Executive leaders at pharma and biotech companies are realising that an initial investment in a clinical trial associate’s (CTA) career can impact and build a resilient clinical trial management workforce in a world where organisational redesign and retooling are perpetual disruptions. More than 75% of respondents in recent interviews and surveys with leading biotech and pharmaceutical executives acknowledged a heavy dependence on the CTA position in organisational redesign and resource allocation modelling—especially the centralization versus decentralisation of this function.
Is it time for a pivot to centralization?
More than 75% of the companies polled said their clinical development organisations (CDOs) were strongly matrixed, indicating a shift toward centralising the CTA role. Companies that are moving toward CTA centralization have discovered that their approach is aligned with business implications by taking the following points into account:
By continually focusing on critical, impactful activities, they were able to gain efficiencies. Separating additional, essential, and impactful actions required for enterprise critical studies or other study criteria was also taken into account. Low-value activities were eliminated by carefully categorising tasks to identify low-risk consequences if they were not completed. Organisational leaders confidently shifted low-value activities. Identified
technology solutions for connecting sponsors and locations throughout the clinical research ecosystem in a seamless manner. Staff were able to delegate administrative and non-mission-important functions to other colleagues using these solutions.
Management of Change
Having a clear picture of the future state, as well as a sense of urgency and discontent with the existing quo, can help one avoid losing key personnel and causing substantial interruptions in the clinical trial efforts.
Methodology for Allocating Resources
Clinical trials make use of a variety of resourcing methods. The various tactics used by the top 10 life sciences businesses usually comprise one or a combination of the following:
- Outsourcing the full trial implementation to a contractual research organisation (CRO) is referred to as contract research outsourcing.
- Functional service provider (FSP) – By utilising a Functional Service Provider, one can save time and money.
- Hybrid- Either resourcing internally or via a hybrid methodology (e.g., internal and FSP)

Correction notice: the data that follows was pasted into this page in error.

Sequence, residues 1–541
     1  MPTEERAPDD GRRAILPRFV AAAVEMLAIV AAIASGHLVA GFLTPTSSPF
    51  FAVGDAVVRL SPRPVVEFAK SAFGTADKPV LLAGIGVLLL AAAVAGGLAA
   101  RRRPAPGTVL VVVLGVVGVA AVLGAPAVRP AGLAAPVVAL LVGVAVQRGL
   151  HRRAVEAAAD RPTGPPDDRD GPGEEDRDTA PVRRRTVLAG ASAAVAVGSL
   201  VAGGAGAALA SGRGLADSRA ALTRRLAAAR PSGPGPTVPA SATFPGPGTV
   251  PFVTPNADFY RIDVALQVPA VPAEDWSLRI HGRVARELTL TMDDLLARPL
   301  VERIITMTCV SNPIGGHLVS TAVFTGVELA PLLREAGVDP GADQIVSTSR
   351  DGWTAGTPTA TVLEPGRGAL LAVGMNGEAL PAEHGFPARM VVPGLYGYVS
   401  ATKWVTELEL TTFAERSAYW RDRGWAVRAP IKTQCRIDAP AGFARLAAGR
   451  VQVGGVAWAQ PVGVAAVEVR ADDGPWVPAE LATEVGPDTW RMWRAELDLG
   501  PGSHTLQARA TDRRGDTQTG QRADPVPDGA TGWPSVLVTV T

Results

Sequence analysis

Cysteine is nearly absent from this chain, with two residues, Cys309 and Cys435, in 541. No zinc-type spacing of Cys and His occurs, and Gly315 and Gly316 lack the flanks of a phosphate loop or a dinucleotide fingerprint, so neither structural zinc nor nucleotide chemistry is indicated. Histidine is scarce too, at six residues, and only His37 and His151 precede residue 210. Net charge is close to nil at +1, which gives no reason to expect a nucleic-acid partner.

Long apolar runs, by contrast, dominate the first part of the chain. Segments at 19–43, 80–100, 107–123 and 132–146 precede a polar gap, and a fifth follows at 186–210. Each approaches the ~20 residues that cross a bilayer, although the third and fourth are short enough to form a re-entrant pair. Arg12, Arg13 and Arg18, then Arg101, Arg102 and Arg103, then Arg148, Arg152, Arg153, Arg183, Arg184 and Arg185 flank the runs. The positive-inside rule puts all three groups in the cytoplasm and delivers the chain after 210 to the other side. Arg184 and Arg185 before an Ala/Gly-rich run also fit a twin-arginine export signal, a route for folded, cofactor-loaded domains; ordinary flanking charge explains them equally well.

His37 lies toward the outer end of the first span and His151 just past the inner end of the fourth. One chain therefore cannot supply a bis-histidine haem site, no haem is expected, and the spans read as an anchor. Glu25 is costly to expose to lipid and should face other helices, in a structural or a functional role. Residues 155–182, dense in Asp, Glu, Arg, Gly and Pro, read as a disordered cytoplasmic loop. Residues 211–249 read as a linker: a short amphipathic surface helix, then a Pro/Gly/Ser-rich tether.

According to industry benchmarking, larger, less matrixed organisations were split between CRO and FSP models, whereas small, less matrixed companies were divided between CRO and FSP models.
Resource Management Improves Efficiency
When deciding whether CTA centralization is the correct solution for the clinical development organisation, two crucial resource management considerations to consider are predictability and flexibility. The ability of people managers to actively promote talent development is a fundamental benefit of CTA centralization. While the CTA’s interaction with the clinical trial manager (CTM) is crucial, the CTM has a dual obligation to the clinical study as the trial leader and to the CTA as their personnel manager in a decentralised strategy. Several companies reported inconsistencies in CTM delegation to the CTA, with many just assigning administrative tasks.
Summary of Findings from a Centralized Clinical Trial Management Approach
Motivation: Approximately 90% of interviewees stated that the primary motivation for organisational redesign was to improve functional loyalty and increase company productivity.
Training: According to more than 80% of those polled, proper training and task delegation are essential for effective interactions between CTMs and CTAs. CTAs in matrixed companies who learned how to run clinical trials instead of how to do administrative tasks were more likely to stay at their jobs.
Continuous Assessment: It was critical to regularly review the right amount of work required to manage a centralised group in order to create efficiencies while growing talent.
Matrixed Organizational Structures: Depending on the complexity of organisational structures, one manager for 10–15 colleagues may be insufficient.
Turnover: The average turnover rate among the organisations examined was between 5% and 20%. These rates were greater for companies that used an FSP approach.